Massachusetts Institute of Technology (MIT) researchers discovered that highly charged single-walled carbon nanotubes (CNTs) coated with DNA and chitosan (a biomolecule derived from shrimp and other crustacean shells) are able to spontaneously penetrate into chloroplasts. Researchers refer to the method as “lipid exchange envelope penetration (LEEP).”
LEEP concerns me a bit, I suppose in the same way that GMOs (genetically-modified organisms) do. The concern with GMOs is that the genes inserted from one species might have unintended consequences in another. I am allergic to tomatoes. I know others who are allergic to nuts and shellfish, Some have dietary limitations. No one is sure what the effects will be for those of us who do have food allergies, if we are unknowingly exposed to foods with have elements of our allergy triggers. Others are concerned that GMO foods may mingle with and pollute non GMO foods. Increasing photosynthesis can be a good thing, but using something that people are allergic, too, such as seafood, to create a method to get the CNTs to spontaneously enter the chloroplasts may be a bad thing.
Typically, plants make use of only about 10 percent of available sunlight. The carbon nanotubes act like artificial antennae that allow chloroplasts to capture wavelengths of light not in their normal range, such as ultraviolet, green, and near-infrared.
Some view the technology as a way to use plant chloroplasts for solar energy. The downside, which would have to be overcome to make chloroplasts for capturing solar practical, is that the chloroplasts, especially when outside their plant, easily break down due to light- and oxygen-induced damage to their photosynthetic proteins. When potent oxygen radical scavengers such as cerium oxide nanoparticles, those nanoceria we mentioned earlier, were combined with a highly charged polymer (polyacrylic acid) and incorporated into extracted chloroplasts using LEEP dramatically reduced damage.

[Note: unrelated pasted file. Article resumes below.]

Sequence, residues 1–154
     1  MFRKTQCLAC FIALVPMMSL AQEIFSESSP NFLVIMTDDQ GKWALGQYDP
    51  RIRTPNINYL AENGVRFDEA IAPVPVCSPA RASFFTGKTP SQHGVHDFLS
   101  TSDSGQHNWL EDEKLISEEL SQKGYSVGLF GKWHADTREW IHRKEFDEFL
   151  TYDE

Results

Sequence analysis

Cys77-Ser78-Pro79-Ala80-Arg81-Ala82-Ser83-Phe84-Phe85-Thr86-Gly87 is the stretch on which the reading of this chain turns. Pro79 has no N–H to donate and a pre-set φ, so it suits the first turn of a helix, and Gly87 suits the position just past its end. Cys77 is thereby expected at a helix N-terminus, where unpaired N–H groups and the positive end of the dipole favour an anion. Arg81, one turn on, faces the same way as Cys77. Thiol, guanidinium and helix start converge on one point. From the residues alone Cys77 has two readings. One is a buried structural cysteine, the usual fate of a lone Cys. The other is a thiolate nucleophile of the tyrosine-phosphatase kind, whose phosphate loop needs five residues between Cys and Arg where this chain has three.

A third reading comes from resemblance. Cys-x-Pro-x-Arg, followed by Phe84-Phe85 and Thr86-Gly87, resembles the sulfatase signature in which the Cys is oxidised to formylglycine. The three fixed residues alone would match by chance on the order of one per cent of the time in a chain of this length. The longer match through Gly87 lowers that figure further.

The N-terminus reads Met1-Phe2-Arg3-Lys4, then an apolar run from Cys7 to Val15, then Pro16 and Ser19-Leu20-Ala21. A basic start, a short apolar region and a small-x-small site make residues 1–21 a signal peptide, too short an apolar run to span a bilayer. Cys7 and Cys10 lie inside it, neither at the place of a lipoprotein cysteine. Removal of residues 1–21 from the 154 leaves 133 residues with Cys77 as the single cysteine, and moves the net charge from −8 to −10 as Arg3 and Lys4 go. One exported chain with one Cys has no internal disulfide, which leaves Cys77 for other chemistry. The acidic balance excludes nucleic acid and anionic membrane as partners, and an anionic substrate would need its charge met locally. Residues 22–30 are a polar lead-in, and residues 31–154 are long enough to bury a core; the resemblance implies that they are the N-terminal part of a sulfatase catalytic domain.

Nanobionics will help lead to the development of biomimetic materials for light-harvesting and solar energy conversion, as well as biochemical detection with regenerative properties and enhanced efficiency, MIT says.
“Right now, almost no one is working in this emerging field, says ”the MIT paper’s lead author, postdoc and plant biologist Juan Pablo Giraldo. Giraldo envisions turning plants into self-powered, photonic devices such as detectors for explosives or chemical weapons. The researchers are also working on incorporating electronic devices into plants. “The potential is really endless,” Strano says. Giraldo says. “It’s an opportunity for people from plant biology and the chemical engineering nanotechnology community to work together in an area that has a large potential.” Perhaps the day will soon come, when our hedges will produce solar power, and when plants alert officials to the presence or drugs, bombs or pollutants.
For more information, check out the News Office at Massachusetts Institute of Technology (MIT).